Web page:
The evolution of money: the rules of money state that for money to have worth, it must be relatively scarce, which explains why today's dollar is so unstable.
Barter is direct exchange. For indirect exchange, civilizations throughout history have used money. Whatever medium was chosen to transact business was up to the buyer and the seller. As history has shown, cattle, tobacco, shells, even salt have filled the need at different times during mankind's time on Earth. It's clear, however, that whatever had been chosen to act as money bad to be a commodity possessing a tangible value recognized by all.
In order for a commodity to retain value and usefulness as money, it should possess several inherent characteristics. Experience showed that it should be divisible (out went cattle), transportable (out went fragile shells), durable (out went tobacco), and relatively scarce (out went most other commodities including small pieces of paper). After millennia of experimentation, the accumulated wisdom of mankind turned to gold as the best commodity to employ as a medium for exchange. It was divisible (coins, bars, dust), transportable (not large and cumbersome), durable (won't die, rust, or crumble), and relatively scarce (hard to find, hard to extract, etc.). Silver and platinum could also fill this role, but not as well as gold.
America's Founders knew all of this. The government they established wasn't given power to issue fiat (unbacked) money, only the authority to set uniform standards for the size, purity, and weight of coinage. It was also granted power to "coin money," which meant only that it could establish a mint where a fixed size, purity, and weight of coinage could be manufactured. There was to be no national bank and no political meddling in money matters.
During the period when competition in the banking industry prevailed, the government's involvement in money matters stayed relatively honorable. But after some small banks defrauded their customers, a demand arose for government dominance in the banking business. And an opportunity to gain control of the people and seize their wealth through money manipulation by government presented itself to the unscrupulous.
Leaving the Gold Standard
For about 150 years, Americans were blessed with gold as the basis of our money system. Over the years, honorable men simplified the use of gold as a medium of exchange by having the U.S. Treasury Department issue paper certificates fully redeemable for a stated amount of the precious metal. Then, the idea that a monopolistic national bank should issue the nation's money arose. Once accepted, that plan grew into the Federal Reserve, which was given the power to control, and corrupt, the monetary system.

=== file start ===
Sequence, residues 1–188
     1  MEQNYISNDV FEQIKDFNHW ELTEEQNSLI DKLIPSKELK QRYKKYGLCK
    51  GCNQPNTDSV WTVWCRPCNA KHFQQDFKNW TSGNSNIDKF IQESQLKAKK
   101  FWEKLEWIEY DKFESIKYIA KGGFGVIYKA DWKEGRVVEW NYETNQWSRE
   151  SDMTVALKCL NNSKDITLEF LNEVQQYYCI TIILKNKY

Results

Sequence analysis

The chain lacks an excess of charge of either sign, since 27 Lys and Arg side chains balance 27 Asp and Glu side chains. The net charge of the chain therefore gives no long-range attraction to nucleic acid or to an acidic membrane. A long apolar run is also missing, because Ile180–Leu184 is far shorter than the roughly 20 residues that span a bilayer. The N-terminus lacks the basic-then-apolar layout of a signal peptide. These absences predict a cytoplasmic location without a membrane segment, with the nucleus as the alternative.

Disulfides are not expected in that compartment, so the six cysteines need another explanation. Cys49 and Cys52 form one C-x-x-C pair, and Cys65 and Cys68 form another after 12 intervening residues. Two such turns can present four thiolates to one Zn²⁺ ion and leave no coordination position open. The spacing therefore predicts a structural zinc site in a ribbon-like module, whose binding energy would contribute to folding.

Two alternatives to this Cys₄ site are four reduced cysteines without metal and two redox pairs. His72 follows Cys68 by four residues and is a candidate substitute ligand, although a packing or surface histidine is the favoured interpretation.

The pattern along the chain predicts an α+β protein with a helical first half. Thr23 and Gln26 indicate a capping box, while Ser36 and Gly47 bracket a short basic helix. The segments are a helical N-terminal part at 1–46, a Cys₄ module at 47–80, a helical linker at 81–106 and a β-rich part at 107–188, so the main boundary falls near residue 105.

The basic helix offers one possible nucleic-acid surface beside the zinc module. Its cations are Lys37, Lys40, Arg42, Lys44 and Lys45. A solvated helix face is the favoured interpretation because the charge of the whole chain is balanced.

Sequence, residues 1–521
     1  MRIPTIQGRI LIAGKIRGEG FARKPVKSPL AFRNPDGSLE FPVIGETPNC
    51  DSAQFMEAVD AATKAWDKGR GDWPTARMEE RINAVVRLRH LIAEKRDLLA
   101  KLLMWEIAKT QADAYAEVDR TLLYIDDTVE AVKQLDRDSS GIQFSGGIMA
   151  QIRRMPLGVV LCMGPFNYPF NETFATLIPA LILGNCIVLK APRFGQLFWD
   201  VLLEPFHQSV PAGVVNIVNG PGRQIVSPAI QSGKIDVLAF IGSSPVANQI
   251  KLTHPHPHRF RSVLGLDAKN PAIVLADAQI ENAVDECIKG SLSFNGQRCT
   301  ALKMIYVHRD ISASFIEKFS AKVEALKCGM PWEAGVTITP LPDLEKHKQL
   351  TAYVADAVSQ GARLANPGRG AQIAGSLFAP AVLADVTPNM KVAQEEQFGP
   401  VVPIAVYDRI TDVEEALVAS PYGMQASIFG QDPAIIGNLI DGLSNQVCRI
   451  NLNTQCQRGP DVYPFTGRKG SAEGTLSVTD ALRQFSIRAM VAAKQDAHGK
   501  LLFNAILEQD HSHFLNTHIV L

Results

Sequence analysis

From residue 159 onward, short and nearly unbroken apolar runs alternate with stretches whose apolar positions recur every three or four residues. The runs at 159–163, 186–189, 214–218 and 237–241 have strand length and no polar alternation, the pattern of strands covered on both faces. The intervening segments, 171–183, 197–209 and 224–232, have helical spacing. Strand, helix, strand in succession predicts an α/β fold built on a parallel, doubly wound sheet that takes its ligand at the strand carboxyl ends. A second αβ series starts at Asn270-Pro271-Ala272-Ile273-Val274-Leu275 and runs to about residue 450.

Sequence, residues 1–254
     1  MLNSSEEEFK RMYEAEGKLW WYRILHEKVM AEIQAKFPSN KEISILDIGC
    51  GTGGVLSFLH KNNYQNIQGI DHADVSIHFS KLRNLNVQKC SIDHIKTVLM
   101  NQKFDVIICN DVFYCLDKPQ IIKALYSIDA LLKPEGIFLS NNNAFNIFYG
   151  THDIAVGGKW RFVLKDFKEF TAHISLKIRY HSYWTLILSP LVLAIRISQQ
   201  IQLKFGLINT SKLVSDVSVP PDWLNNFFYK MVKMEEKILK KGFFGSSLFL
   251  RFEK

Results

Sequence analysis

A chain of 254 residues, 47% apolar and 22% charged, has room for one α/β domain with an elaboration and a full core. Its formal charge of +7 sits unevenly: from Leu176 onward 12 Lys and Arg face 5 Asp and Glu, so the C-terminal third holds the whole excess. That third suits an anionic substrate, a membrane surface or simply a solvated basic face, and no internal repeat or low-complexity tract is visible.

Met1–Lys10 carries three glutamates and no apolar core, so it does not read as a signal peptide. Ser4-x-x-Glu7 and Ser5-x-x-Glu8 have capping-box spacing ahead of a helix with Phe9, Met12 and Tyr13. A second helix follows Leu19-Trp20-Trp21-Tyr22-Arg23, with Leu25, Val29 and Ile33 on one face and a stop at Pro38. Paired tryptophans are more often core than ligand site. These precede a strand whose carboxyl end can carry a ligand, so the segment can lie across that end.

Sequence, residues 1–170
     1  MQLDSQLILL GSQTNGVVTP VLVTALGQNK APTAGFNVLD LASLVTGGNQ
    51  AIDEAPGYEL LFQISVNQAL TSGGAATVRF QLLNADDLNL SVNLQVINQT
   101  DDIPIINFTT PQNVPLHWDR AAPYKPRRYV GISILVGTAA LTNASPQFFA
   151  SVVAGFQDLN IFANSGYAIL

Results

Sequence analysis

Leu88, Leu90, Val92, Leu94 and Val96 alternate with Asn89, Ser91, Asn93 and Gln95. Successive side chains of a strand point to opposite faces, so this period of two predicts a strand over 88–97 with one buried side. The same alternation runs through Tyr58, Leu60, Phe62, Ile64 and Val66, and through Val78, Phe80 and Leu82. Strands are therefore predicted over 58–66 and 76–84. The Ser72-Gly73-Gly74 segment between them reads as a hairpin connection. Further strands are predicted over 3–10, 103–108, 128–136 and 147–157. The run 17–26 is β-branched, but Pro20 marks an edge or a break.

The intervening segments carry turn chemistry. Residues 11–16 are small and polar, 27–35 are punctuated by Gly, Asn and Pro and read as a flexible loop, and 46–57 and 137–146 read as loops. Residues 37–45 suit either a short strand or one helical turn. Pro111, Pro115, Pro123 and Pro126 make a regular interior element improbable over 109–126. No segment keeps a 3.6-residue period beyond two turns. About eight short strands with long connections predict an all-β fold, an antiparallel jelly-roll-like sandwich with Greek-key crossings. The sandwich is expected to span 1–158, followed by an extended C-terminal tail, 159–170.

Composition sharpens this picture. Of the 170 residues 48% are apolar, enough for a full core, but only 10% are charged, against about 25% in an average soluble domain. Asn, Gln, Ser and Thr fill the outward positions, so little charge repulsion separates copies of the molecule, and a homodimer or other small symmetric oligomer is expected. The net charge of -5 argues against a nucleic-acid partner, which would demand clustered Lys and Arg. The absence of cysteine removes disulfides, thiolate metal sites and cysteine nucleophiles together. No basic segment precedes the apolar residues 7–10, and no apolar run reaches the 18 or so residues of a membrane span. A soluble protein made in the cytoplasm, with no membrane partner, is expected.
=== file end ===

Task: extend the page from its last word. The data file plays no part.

Before and during the transition from Treasury notes to Federal Reserve notes, U.S. currency had earned the reputation "good as gold." And it surely was that good until President Franklin Roosevelt took the nation off the gold standard and even made it illegal for Americans to possess the metal. During the 1970s, Treasury's silver certificates (redeemable in silver) disappeared just as their gold-backed predecessors had become extinct in the 1930s. Consequently, the nation no longer has commodity money (redeemable in gold or silver) but fiat money (redeemable in nothing).
We are left today with completely irredeemable paper money whose value is set by political forces that work diligently to keep the people in the dark about these basic concepts. If this elementary understanding of what money is supposed to be were widely appreciated, the people would demand monetary stability. With sufficient understanding, the Federal Reserve would be abolished, the Fed would no longer be able to create booms and busts by expanding or contracting the money supply, the value of money would be tied to gold, and significant inflation would be impossible.
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|Author:||McManus, John F.|
|Publication:||The New American|
|Article Type:||Cover Story|
|Date:||Apr 18, 2005|
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